Photos: Atlanta’s 1940s movie theaters

The Paramount Theatre sat next to the Loew’s Grand, and is mostly remembered for its elaborate facade, designed by architect Philip Trammell Shutze, who also designed the Swan House and the Rich’s Department Store. The theater was demolished in 1960, but the top part of the facade lives on as the front of a mansion in Moultrie, Ga. AJC file photo
The Paramount Theatre sat next to the Loew’s Grand, and is mostly remembered for its elaborate facade, designed by architect Philip Trammell Shutze, who also designed the Swan House and the Rich’s Department Store. The theater was demolished in 1960, but the top part of the facade lives on as the front of a mansion in Moultrie, Ga. AJC file photo

NOTE: This story originally published on Nov. 22, 2015.

The decade of the 1940s was arguably the height of Atlanta’s era of movie palaces. Theaters were still clumped together in entertainment districts, or anchored for the city’s independent neighborhoods. Soon the city would spread further out and televisions would move into residents’ living rooms, gradually sending most of these businesses into decline. Some would find new life, and some would crumble to the ground. Here’s a survey of some of those theaters, with information taken from the 1940 city directory, and from the CinemaTreasures.org website (http://www.CinemaTreasures.org) and its hive mind of commenters.

The Loew's Grand was right next to the Paramount, and first opened as an opera house. The Loew's is most famous for hosting the 1939 premiere of "Gone With the Wind." It was badly burned in 1978 and later became the site of the Georgia-Pacific Building. It's seen here in 1952. (AJC file)
The Loew's Grand was right next to the Paramount, and first opened as an opera house. The Loew's is most famous for hosting the 1939 premiere of "Gone With the Wind." It was badly burned in 1978 and later became the site of the Georgia-Pacific Building. It's seen here in 1952. (AJC file)

The Loew’s Grand first opened as an opera house. The Loew’s is most famous for hosting the 1939 premiere of “Gone With the Wind.” It was badly burned in 1978 and later became the site of the Georgia-Pacific Building. The photo above was taken in 1952.

The Paramount Theatre sat next to the Loew’s Grand, and is mostly remembered for its elaborate facade, designed by architect Philip Trammell Shutze, who also designed the Swan House and the Rich’s Department Store. The theater was demolished in 1960, but the top part of the facade lives on as the front of a mansion in Moultrie, Ga. AJC file photo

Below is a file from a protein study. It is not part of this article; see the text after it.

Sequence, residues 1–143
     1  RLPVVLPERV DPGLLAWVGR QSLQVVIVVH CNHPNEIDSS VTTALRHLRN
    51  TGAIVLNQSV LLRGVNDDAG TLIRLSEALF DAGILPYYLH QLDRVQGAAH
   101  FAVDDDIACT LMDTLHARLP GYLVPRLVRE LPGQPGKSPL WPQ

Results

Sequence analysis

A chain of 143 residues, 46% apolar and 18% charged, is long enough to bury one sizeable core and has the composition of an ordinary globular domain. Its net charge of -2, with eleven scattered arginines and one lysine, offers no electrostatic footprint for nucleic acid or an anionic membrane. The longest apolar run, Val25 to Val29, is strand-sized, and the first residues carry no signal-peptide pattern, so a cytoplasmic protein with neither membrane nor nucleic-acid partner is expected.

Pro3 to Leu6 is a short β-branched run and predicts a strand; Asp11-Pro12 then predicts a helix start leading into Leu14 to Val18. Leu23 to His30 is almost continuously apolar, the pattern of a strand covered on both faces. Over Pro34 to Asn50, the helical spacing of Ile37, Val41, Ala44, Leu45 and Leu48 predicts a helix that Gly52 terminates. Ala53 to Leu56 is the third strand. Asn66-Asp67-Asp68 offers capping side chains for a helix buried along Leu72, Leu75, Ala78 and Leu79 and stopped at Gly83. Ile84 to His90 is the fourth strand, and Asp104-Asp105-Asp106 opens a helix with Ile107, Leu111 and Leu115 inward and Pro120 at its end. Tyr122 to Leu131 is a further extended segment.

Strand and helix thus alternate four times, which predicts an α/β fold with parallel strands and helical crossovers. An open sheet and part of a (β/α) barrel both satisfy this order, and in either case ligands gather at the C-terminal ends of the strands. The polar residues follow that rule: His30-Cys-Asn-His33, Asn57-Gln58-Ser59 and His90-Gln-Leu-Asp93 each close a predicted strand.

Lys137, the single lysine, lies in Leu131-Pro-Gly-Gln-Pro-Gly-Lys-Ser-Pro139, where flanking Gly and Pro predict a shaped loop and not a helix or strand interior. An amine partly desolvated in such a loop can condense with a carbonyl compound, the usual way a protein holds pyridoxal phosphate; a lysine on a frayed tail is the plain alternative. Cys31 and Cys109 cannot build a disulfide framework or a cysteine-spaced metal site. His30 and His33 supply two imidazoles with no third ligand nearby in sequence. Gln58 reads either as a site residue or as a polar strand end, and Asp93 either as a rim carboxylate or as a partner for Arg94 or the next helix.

The Paramount Theatre sat next to the Loew’s Grand, and is mostly remembered for its elaborate facade, designed by architect Philip Trammell Shutze, who also designed the Swan House and the Rich’s Department Store. The theater was demolished in 1960, but the top part of the facade lives on as the front of a mansion in Moultrie, Ga. AJC file photo

The Paramount Theatre sat next to the Loew’s Grand, and is mostly remembered for its elaborate facade, designed by architect Philip Trammell Shutze, who also designed the Swan House and the Rich’s Department Store. The theater was demolished in 1960, but the top part of the facade lives on as the front of a mansion in Moultrie, Ga.

The Plaza Theatre: Georgia's oldest operating movie theater opened in 1939 and continues to accept your hard-earned dollars. Don't let the longevity fool you however -- the theater has had its ups and downs, including a turn in the 1970s as a porn palace. Since the early 1980s it's been an art house theater owned by cinephile entrepreneurs such as George Lefont and Jonathan & Gayle Rej. The latest owner, Michael Furlinger, has done extensive renovations to the building, including an overhaul of the neon marquee, with the help of the Fox Theatre Institute. In 2014, the Plaza was named the fifth best movie theater in the world by Men's Journal. (PETE CORSON / pcorson@ajc.com)
The Plaza Theatre: Georgia's oldest operating movie theater opened in 1939 and continues to accept your hard-earned dollars. Don't let the longevity fool you however -- the theater has had its ups and downs, including a turn in the 1970s as a porn palace. Since the early 1980s it's been an art house theater owned by cinephile entrepreneurs such as George Lefont and Jonathan & Gayle Rej. The latest owner, Michael Furlinger, has done extensive renovations to the building, including an overhaul of the neon marquee, with the help of the Fox Theatre Institute. In 2014, the Plaza was named the fifth best movie theater in the world by Men's Journal. (PETE CORSON / pcorson@ajc.com)

The Plaza Theatre: Georgia’s oldest operating movie theater opened in 1939 and continues to accept your hard-earned dollars. Don’t let the longevity fool you however — the theater has had its ups and downs, including a turn in the 1970s as a porn palace. Since the early 1980s it’s been an art house theater owned by cinephile entrepreneurs such as George Lefont and Jonathan & Gayle Rej. The latest owner, Michael Furlinger, has done extensive renovations to the building, including an overhaul of the neon marquee, with the help of the Fox Theatre Institute. In 2014, the Plaza was named the fifth best movie theater in the world by Men’s Journal.